you can use the four-part name of the remote table to use it within your local

How do you handle an error from within a stored procedure?

This one’s a little open-ended. One, it depends on which version of SQL
Server they work with. In SQL Server 2005 Microsoft introduced TRY…CATCH
error handling. The code that could error is placed within a TRY block. If an
error does occur, the code within the CATCH block executes. Several functions
are available to assist in gleaning information about the error. See TRY…CATCH
in Books Online for more information.

Prior to this, @@Error could
be checked for an error code and then an error thrown using RAISERROR. Some may
answer that they return the error in an output parameter or by using PRINT. RAISERROR
can still be used to throw an error. As a matter of fact, a RAISERROR called
from the TRY block with a severity between 11 and 19 will cause execution to
jump to the CATCH block.

How do you auto number rows in SQL Server?

Sometimes I have to rephrase this one to get the answer. What I’m looking
for here is the candidate’s knowledge of identity columns. Identity columns are
used to automatically increment a column in a table from a seed (or starting)
value and by a defined increment. If no seed is specified and no increment is
specified, the first entry is 1 and the subsequent entries are incremented by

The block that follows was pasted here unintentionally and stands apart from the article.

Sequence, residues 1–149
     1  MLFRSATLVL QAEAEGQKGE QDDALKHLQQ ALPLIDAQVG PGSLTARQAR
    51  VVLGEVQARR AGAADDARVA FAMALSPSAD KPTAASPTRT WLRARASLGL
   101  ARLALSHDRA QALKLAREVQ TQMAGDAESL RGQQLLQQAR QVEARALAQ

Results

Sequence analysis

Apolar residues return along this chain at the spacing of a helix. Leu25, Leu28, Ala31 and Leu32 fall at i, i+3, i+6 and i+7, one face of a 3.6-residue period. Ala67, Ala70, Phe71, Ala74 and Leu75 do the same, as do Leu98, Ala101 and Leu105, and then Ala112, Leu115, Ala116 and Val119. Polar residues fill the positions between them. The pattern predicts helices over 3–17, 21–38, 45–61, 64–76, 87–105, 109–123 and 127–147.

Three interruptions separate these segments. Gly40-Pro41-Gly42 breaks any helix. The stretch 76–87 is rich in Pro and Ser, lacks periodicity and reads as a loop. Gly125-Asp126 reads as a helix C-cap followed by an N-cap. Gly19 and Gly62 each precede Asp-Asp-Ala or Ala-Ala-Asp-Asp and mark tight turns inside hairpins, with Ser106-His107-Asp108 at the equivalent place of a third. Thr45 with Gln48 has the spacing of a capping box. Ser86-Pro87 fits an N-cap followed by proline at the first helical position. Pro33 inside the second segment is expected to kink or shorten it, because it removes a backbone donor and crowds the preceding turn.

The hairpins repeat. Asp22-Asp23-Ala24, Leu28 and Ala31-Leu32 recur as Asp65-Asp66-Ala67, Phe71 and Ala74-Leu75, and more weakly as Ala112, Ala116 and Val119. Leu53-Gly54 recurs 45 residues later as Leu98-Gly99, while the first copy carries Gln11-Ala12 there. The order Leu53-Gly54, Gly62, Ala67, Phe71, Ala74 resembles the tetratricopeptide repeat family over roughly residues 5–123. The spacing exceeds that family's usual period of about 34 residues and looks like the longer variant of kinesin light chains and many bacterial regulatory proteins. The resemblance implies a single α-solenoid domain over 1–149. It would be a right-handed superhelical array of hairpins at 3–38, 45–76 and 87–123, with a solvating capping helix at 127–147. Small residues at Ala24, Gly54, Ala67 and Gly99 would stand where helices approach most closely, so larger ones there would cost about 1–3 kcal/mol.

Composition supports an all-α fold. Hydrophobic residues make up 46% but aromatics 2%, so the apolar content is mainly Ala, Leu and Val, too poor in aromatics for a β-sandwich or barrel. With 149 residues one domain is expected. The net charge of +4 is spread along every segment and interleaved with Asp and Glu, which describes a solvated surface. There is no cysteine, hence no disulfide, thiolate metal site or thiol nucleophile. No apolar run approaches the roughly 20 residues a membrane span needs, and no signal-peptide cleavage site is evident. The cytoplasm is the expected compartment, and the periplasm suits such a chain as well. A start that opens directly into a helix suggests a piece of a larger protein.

1. If either the seed or the increment is specified, other must be specified.

What is a left outer join? Give an example.

The answers I get on this one blow me away. I can’t believe how many
candidates I’ve interviewed that do not grasp this concept. Assume you have two
tables, TableA and TableB. You need all the rows from TableA and all matching
rows from TableB. You would use a left outer join to accomplish this with
TableA being the left table as in the following.

ON TableA.Col1 = TableB.Col1

What is a cursor and why would you use it?

The candidate will probably be able to tell you cursors are used to perform
row-by-row processing on a result set. The candidate might tell you they use
them for batch type processing. In their answer though I am secretly hoping the
candidate will elaborate on performance issues with cursors and how it is
preferred to use loops or set-based processing instead of cursors. If not, the
follow up question here is "Is there another way to process the result set
row-by-row without using a cursor?" To see more of my thoughts on cursors,
see What
Every DBA Ought to Know About SQL Server Cursors (and Their Alternatives)


The questions you may wish to ask or that will be asked of you will vary
(like your mileage). Questions should be tailored to the job for which the
candidate is applying. For instance, if you don’t use triggers in your
workplace, does it really matter if the candidate has a working knowledge of
SQL Server triggers?


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Deanna Dicken

Deanna Dicken
Deanna Dicken
Deanna Dicken is an architect with approximately 20 years of IT experience. In that time she has worked on many large-scale, mission-critical applications and has been involved at all phases of the lifecycle. She has also contributed to three SQL Server MCSE books, co-authored Learn SQL in a Weekend, and tech edited many other titles. She lives on the outskirts of Indianapolis, Indiana with her husband, Curtis, and children, Kylee and Zach.